A little while ago, one of our church’s more exuberantly squirmy members asked me with a hesitance unlike himself – suggestive of the very deepest longings of his interior soul – if at the midweek kid’s class, we could make a city.
Maybe he is already developing a tendency to become an architect; but there are also strong theological foundations for this desire. It goes back at least as far as Babel. Abraham also looked for a city. John saw the city coming down from heaven in a vision – the gift of God to everyone who hopes with Abraham.
But the contents of the lesson for the upcoming Wednesday did not seem very propitious to those themes. It was about when the Ammonites offered to pluck out all the right eyes of the men of Jabesh-Gilead, and Saul rescued them. The week before, we’d made Saul pop up from behind a pile of luggage, when everyone was looking for him: a scene they will not now easily forget. May it sustain them in some similar crisis.
Now we had come to address one of Saul’s most promising moments. He was so brave and humble, so protective in a crisis, so much like Jesus. He could have been such a good king. Most of the kings fall into the temptations of their office – but the good ones repent. They stay close to Jesus in repentance. That’s a big lesson: how could I help children remember that . . .?
I decided that we could make the city of Jabesh-Gilead.
This plunged me into a lot of research and legwork. I had to find a better recipe for play dough. And one for fingerpaint. I had to multiply all the measurements of these recipes exponentially, because children have no restraint about things they can pound and squish. I had to run out and buy vast quantities of noodles and salt.
My city plan was brilliant. We were meant to assemble little dwellings with Rigatoni and Penne noodles for bricks, and playdough for mortar. Then we could plaster over the walls with fingerpaint. Then roof it with little foam boards on which we’d flour-paste rows of colored beans.
When the children saw the play dough, and the noodles, and the goop, their energy (which never really falls below a barely contained frenzy) reached unprecedented volumes and mass. I imagine that the wise men were almost as excited when they saw the star, as these children when they saw the foodstuffs. I stammered on bravely about the city plan while they impressed themselves on the materials, but the children had no use for my gimcrack ideas. They had their own. I think we got three and half walls, something that looked like an Arctic waste, and a few slumlike structures that would probably appeal to a vagrant slime monster.
I never knew that Jabesh Gilead had so much squalor. But I ask myself, will any of the children even remember the name of the city? I fear it might be forgotten in their enthusiasm for smooshing finger paint onto a gob of noodly goo. Indeed, I have confused it with Kiriath-Jearim a few times myself. A perfectly understandable mistake: there’s not much to distinguish one of these macaroni towns from another …
When I come up with crafts for the lesson, I am thinking especially of the childrens’ memories. I want them to remember what they have learned. I promised my little pupil several weeks of city building, so we’ll try again — maybe with the tower of Babel. They can remember how it comes crashing down. And I would like to share with them Corrie ten Boom’s witness to God being our refuge even in the worst places: for that we can again build (paper) houses, this time with secret closets. Maybe the closets will help them remember that Jesus is our hiding place. I expect some of them will always remember making our City of Primordial Ooze – but will they remember what city it was supposed to be, or what story it was related to?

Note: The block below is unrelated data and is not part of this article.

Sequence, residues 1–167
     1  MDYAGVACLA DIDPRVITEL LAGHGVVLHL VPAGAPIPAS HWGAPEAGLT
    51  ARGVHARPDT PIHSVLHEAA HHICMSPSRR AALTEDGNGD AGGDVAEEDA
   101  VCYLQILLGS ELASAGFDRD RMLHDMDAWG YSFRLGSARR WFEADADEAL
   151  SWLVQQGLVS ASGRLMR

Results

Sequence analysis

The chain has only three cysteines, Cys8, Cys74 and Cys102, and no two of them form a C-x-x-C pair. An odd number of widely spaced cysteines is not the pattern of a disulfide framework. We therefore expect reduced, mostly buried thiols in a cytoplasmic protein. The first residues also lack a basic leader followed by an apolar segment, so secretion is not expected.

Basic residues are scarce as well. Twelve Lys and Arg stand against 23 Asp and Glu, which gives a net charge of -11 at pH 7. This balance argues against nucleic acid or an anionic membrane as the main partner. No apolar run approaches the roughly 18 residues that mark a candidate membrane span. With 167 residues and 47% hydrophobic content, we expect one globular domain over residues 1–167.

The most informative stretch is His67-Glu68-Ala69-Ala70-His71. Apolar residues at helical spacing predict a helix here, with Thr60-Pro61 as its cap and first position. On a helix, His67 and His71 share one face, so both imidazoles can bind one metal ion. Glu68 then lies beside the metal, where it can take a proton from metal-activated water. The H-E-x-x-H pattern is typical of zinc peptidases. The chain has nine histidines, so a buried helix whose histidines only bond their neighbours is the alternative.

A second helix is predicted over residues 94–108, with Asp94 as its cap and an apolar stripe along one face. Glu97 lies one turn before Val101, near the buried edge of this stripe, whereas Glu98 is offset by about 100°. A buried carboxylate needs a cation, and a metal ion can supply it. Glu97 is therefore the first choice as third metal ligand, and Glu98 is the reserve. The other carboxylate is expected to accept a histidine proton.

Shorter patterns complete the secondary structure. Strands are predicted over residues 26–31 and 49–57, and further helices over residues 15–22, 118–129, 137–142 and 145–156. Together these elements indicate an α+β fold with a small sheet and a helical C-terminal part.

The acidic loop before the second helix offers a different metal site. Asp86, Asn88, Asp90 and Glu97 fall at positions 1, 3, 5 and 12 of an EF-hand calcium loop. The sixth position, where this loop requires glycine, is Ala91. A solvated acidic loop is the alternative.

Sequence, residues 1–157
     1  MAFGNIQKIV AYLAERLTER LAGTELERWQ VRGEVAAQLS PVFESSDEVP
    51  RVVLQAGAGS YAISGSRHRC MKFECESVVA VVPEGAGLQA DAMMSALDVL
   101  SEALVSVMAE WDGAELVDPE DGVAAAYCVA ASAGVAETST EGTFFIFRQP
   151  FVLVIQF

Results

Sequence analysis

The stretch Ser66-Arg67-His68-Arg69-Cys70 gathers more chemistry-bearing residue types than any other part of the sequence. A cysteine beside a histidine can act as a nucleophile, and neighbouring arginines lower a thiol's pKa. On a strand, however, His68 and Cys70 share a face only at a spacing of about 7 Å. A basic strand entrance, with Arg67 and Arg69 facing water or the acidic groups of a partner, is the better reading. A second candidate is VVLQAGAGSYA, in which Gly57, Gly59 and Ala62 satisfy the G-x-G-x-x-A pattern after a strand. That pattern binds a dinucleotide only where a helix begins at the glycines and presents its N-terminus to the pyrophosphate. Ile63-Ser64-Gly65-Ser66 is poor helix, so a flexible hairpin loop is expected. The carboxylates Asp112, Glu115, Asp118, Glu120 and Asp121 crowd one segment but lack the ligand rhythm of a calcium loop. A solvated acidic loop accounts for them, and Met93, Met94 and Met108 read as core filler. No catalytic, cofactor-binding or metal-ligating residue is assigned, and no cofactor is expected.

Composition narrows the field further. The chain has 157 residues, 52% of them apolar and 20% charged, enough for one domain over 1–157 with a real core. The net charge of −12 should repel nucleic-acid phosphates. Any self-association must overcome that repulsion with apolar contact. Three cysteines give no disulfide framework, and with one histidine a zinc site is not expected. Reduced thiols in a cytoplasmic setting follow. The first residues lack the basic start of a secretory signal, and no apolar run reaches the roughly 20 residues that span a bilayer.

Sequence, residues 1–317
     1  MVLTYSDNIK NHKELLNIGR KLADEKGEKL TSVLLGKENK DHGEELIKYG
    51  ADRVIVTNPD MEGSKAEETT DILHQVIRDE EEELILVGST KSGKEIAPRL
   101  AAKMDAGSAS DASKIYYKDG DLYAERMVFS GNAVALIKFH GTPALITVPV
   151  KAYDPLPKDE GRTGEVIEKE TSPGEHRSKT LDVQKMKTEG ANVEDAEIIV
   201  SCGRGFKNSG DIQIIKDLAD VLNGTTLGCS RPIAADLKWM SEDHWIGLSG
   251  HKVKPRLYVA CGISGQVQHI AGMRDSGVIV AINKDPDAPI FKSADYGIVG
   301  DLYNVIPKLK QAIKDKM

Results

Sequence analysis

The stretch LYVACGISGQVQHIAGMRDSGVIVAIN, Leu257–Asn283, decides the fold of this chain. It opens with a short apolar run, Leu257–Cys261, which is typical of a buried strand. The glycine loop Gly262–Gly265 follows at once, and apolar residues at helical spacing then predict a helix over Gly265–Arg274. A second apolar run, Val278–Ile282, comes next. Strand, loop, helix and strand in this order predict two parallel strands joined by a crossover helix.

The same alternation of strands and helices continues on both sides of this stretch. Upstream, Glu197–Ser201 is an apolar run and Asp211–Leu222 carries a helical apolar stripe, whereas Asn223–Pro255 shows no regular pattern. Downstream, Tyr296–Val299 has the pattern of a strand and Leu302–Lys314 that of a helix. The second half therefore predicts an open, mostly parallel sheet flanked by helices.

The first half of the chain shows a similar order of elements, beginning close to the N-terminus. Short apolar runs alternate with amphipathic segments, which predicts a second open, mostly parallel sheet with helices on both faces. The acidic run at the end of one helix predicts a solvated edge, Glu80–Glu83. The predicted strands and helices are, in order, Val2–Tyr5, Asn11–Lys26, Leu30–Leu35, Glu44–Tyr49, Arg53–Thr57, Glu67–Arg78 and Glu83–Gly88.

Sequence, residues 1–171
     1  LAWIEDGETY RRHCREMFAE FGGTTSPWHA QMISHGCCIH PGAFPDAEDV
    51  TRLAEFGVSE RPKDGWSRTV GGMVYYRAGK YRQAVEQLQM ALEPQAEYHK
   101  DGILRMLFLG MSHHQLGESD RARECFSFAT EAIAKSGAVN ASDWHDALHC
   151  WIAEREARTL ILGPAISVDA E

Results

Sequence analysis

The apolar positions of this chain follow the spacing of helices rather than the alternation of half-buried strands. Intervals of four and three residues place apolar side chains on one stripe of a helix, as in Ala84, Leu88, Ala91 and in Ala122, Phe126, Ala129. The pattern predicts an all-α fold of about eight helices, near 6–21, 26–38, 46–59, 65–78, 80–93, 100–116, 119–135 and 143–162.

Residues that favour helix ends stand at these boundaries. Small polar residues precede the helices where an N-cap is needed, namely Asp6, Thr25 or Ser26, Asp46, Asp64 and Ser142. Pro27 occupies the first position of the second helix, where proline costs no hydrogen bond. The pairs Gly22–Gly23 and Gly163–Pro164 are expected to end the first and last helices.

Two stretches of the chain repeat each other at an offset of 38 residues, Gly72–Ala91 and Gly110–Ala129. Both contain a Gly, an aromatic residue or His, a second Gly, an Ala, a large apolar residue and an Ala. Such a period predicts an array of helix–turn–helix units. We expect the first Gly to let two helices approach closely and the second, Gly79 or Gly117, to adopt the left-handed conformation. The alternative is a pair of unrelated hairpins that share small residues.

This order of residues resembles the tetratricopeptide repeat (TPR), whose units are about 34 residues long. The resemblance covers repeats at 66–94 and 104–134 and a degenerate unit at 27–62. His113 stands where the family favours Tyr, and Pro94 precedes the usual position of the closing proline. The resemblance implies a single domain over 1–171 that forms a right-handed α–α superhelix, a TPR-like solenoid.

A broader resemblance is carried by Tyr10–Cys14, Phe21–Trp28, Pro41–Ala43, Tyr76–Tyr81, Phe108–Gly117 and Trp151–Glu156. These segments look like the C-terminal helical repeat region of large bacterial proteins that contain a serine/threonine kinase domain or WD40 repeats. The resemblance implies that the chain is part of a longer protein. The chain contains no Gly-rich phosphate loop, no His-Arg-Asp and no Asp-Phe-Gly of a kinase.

On that score, this effort was probably a washout.
But I also want them to remember love and delight, when they remember being little ones in God’s family. And on that score, this effort was a success. At the height of their fervid and dubious makering, with their hands caked in goo and their shirts shmooed in glop, the children pronounced it their best craft ever. On the way to my car, I got attacked with a hug by the boy who asked If We Could. I want him to remember that the church is a place where he is treasured. Where his longings and needs matter. I want him to remember that, whatever happens when he grows up, just like I want him to remember that Jesus is his hiding place.
And I realize, when I’m down on my bedroom floor, cutting and folding paper, or stirring a tureen of play dough at the stove – that God is giving me a similar experience, something for my memory.
It is not hard for me to understand, when I am preparing these lessons, how differently Jesus sees people than we tend to do. I know with perfect clarity at those times that these children – not the people the world courts because they are so powerful, gifted, or wealthy – but these little people who have to be told every thirty seconds not to crawl under the table or bang on their chair or hit each other – they are the most important people on earth. In getting to be with these children, I get to receive the presence of the Father. And I am reminded that that is how God sees all of us, His insignificant and often unruly little ones. It makes me want to love people more. To listen better. To make sure that the ones around me know their longings and their needs matter. To treat whoever is standing in front of me at any given moment like the most important person on the planet, the image of God.